Needless to say, just by having traffic on a website does not mean your business is an overnight success. Obviously traffic does not equal sales, especially as Google algorithm updates keep changing the goalposts. If visitors believe what they read on your site and it’s relevant to what they want – they are going to reward you with engagement. The visitor/customer just wants information, education or entertainment so we need to deliver on this, and not spend our time trying to game the system. Semantic search is here and not too soon in our opinion.
The visitor/customer just wants to be informed, educated or entertained so we need to deliver on this and not spend our time trying to game the system. Semantic search is here and not too soon in our opinion.
Think about it – there are so many excellent tools out there now that allow us to create, curate and distribute relevant content for people. The danger is that sometimes the website we are driving them towards doesn’t live up to their expectations when they get there. And I repeat, this is usually down to relevancy and credibility.
Here is a marvellous Slideshare presentation from Bruce Kasanoff, which lists 31 specific elements of website credibility. Bruce contends that for your site to be credible, it needs to succeed on six levels:
- Look and Feel
- Who stands behind your promises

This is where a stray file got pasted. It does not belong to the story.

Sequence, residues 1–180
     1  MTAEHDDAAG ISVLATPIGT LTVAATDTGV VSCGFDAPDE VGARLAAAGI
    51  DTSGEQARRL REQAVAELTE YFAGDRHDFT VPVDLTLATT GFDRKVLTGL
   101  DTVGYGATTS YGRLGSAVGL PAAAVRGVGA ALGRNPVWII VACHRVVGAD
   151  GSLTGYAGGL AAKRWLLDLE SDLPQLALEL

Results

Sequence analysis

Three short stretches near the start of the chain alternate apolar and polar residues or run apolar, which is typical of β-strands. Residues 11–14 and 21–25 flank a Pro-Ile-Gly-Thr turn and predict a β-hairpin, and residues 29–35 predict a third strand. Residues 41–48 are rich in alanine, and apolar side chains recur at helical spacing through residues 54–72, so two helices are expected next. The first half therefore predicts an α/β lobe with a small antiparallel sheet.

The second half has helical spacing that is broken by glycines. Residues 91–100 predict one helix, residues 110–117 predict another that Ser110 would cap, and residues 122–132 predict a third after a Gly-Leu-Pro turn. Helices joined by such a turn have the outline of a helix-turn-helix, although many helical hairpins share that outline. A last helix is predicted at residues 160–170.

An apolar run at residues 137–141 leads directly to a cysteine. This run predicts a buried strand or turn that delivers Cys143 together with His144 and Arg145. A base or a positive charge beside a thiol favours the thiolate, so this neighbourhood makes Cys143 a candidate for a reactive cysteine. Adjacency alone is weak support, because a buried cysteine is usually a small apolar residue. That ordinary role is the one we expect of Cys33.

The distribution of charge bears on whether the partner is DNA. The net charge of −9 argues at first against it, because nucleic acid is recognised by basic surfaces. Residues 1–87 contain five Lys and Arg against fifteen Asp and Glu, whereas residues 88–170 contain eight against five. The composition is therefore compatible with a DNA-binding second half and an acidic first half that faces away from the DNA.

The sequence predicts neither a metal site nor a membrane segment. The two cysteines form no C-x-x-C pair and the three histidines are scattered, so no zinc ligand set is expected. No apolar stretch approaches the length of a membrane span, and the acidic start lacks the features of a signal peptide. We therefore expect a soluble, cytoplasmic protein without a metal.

- Who believes in you
- Why should I care
- How do I (your prospect) take the next step
- Don’t ignore the absolute basics
Maintaining your website credibility.
Hand on heart – until I started up our business two years ago, from a punter’s point of view, I wouldn’t have given website design a second thought. Now that I am exposed to the dynamism of the digital world, I realise that staying up to date with developments is the norm rather than the rule.
Whereas the levels mentioned above are essential when reviewing/ designing your site, here are four things that I believe must be constantly checked if you want to maintain website credibility. The first and foremost thing is having your site, mobile device friendly. The world is going mobile (e.g. wearables etc.), but there has been enough written on this topic already, so I’m not going to duplicate the effort